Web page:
Poets and other writers have often written of springtime as the start of the four seasons, the time of beginning anew, and that of rejuvenation. Spring is a time of joyous anticipation of the birth and growth of things to come. For many of us, September marks the beginning of a new year for us - we are teachers, we are students, we return to our regular symphony subscription series, or we have had our summer vacation, the children are back in school and we return to work. As I commence a new school year, I begin with the excitement, the motivation, the anticipation, and the feeling that it must truly be "springtime".
I am writing this essay, having just returned from the annual ITG Conference held in Gothenburg, Sweden. What a tremendous conference! The theme was East meets West, and the conference was an unprecedented meeting of trumpeters from Eastern and Western cultures. It was a week filled with warm camaraderie. The six days were filled from morning until late at night with almost nonstop concerts, lectures, and master classes.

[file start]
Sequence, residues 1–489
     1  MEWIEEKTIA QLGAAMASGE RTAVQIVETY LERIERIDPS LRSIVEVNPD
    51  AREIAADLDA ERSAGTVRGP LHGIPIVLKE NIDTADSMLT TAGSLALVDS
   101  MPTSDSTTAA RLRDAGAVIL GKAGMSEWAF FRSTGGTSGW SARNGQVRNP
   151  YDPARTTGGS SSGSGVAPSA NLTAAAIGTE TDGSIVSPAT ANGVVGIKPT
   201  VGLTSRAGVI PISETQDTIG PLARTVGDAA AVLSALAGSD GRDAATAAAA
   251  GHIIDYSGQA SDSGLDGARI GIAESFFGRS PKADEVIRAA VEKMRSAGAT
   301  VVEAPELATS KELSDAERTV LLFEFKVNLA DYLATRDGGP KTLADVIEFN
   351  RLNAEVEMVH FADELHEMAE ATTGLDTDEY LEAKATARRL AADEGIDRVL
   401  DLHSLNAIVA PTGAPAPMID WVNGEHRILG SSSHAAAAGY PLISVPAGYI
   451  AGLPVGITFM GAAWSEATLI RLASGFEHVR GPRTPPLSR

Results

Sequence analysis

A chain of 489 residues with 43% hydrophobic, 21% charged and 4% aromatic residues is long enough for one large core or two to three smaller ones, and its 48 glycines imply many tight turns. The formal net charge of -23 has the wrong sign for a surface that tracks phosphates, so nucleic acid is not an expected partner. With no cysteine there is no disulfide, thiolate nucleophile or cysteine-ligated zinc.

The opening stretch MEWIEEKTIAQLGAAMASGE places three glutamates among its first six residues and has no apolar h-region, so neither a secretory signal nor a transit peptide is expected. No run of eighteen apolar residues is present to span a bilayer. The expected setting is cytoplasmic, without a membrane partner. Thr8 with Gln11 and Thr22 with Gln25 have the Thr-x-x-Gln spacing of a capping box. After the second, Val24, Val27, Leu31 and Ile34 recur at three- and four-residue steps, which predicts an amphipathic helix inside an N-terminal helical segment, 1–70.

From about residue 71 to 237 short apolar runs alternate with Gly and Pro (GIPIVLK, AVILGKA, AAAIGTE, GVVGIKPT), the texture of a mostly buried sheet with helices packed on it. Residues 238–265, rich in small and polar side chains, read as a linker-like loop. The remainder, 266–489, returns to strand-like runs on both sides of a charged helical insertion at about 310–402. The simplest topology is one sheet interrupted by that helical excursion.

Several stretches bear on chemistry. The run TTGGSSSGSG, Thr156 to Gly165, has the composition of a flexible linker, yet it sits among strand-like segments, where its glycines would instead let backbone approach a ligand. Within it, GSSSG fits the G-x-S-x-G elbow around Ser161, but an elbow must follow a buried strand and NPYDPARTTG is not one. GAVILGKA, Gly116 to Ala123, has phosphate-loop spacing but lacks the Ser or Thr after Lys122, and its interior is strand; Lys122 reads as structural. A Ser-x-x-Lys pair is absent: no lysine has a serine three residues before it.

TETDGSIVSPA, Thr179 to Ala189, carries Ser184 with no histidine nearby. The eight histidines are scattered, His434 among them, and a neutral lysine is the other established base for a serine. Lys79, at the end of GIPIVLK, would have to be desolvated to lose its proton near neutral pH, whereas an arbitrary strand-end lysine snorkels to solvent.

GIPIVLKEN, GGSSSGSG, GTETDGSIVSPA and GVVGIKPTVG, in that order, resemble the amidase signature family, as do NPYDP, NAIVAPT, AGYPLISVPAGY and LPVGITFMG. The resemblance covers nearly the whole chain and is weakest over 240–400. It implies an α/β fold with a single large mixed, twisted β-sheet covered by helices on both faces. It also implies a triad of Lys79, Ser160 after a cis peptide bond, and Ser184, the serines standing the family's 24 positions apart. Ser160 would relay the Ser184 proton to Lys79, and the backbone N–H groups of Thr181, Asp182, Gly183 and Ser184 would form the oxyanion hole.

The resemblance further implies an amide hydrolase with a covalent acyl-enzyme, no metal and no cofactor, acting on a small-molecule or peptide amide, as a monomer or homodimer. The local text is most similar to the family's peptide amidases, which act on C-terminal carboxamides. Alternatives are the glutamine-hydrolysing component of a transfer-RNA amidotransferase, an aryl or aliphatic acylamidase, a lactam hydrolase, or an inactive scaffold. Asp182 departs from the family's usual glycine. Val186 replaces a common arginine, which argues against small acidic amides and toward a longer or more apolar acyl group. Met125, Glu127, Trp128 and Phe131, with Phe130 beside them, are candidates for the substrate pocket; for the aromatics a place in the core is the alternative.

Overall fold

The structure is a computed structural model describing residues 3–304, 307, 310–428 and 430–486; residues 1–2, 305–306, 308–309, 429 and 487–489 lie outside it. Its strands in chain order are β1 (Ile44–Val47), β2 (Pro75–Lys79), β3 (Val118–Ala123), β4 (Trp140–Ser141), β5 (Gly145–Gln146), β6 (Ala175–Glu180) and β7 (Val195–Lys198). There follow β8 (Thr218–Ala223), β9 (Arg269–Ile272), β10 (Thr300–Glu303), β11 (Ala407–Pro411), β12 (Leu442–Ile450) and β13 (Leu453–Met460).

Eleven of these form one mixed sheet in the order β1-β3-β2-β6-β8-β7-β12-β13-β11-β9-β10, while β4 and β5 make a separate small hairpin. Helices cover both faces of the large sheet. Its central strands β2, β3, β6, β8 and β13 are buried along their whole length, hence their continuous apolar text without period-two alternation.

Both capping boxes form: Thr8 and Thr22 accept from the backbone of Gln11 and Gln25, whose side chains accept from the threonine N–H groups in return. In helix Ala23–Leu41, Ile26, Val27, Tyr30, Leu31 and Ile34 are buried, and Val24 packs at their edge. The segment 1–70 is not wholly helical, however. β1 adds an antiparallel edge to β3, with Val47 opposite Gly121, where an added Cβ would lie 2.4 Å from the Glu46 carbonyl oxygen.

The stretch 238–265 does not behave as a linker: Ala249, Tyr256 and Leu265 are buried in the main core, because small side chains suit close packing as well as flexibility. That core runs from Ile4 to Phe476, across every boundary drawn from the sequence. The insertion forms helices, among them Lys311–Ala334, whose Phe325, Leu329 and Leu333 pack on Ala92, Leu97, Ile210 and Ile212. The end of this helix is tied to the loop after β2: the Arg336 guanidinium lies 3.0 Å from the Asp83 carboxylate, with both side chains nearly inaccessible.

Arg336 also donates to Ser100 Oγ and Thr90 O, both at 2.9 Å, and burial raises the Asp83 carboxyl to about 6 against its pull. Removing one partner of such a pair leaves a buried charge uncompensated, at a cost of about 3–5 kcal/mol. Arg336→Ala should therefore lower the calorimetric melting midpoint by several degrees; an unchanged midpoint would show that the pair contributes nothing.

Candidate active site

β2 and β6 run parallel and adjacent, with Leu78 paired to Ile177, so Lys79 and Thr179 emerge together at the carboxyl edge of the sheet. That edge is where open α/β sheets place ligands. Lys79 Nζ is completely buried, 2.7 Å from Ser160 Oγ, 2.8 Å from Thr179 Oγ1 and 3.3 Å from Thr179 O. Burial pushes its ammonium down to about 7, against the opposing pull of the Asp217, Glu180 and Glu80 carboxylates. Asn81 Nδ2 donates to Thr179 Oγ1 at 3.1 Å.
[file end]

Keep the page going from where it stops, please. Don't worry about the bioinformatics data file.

The virtuosity of the invited artists was magnificent, and the broad diversity of their backgrounds included baroque trumpet, symphony orchestra, jazz, bands, brass ensembles, and more. One great reason for my excitement is the fabulous trumpet performances I heard. The key phrase here is "I heard". We must remember that ours is an aural art, dependent upon hearing. I believe that our excitement toward music often becomes stale because of what we regularly hear, or more importantly, what we don't hear. Therefore I recognize that I must discipline myself, and my students, to listen on a daily regularity to new literature and new performers.
Perhaps even more stimulating than the virtuosity of the Conference's artist-faculty was the performances by student trumpeters. I must first say how proud I was of the fine concert by the Florida State University /University of North Texas Baroque Trumpet Ensemble, which convened in London for 10 days of rehearsals prior to their ITG Conference performance. However, I was truly inspired by several of the performances in the ITG student competitions. In several instances, it was evident that marvelous things can result when a student will combine a certain amount of talent along with an enormous amount of hard work, focus, and dedication. These student performances provided a great stimulus to me for my teaching schedule this semester; I hope that my students are prepared for my renewed expectations for their work ethic.
It is my wish for you that you may begin a new "spring" season with the same joyous sense of excitement and anticipation that I feel.
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